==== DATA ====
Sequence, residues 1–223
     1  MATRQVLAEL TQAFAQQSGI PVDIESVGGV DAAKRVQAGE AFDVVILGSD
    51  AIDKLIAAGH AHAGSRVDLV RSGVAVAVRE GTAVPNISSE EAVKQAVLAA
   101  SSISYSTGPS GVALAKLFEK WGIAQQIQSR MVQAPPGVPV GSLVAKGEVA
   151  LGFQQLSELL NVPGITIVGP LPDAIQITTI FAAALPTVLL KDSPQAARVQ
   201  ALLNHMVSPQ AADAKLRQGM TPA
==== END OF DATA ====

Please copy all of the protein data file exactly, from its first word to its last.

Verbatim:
Sequence, residues 1–223
     1  MATRQVLAEL TQAFAQQSGI PVDIESVGGV DAAKRVQAGE AFDVVILGSD
    51  AIDKLIAAGH AHAGSRVDLV RSGVAVAVRE GTAVPNISSE EAVKQAVLAA
   101  SSISYSTGPS GVALAKLFEK WGIAQQIQSR MVQAPPGVPV GSLVAKGEVA
   151  LGFQQLSELL NVPGITIVGP LPDAIQITTI FAAALPTVLL KDSPQAARVQ
   201  ALLNHMVSPQ AADAKLRQGM TPA